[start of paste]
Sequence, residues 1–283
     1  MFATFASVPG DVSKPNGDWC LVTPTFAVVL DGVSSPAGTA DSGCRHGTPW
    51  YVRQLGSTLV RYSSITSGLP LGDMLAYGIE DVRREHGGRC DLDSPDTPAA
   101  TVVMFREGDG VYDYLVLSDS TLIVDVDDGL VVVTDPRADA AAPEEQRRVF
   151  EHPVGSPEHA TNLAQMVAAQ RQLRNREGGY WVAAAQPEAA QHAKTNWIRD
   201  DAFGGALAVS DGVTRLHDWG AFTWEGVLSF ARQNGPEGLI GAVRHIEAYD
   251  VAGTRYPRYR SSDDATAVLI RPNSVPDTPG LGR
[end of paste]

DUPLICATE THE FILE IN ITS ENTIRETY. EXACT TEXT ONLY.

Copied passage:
Sequence, residues 1–283
     1  MFATFASVPG DVSKPNGDWC LVTPTFAVVL DGVSSPAGTA DSGCRHGTPW
    51  YVRQLGSTLV RYSSITSGLP LGDMLAYGIE DVRREHGGRC DLDSPDTPAA
   101  TVVMFREGDG VYDYLVLSDS TLIVDVDDGL VVVTDPRADA AAPEEQRRVF
   151  EHPVGSPEHA TNLAQMVAAQ RQLRNREGGY WVAAAQPEAA QHAKTNWIRD
   201  DAFGGALAVS DGVTRLHDWG AFTWEGVLSF ARQNGPEGLI GAVRHIEAYD
   251  VAGTRYPRYR SSDDATAVLI RPNSVPDTPG LGR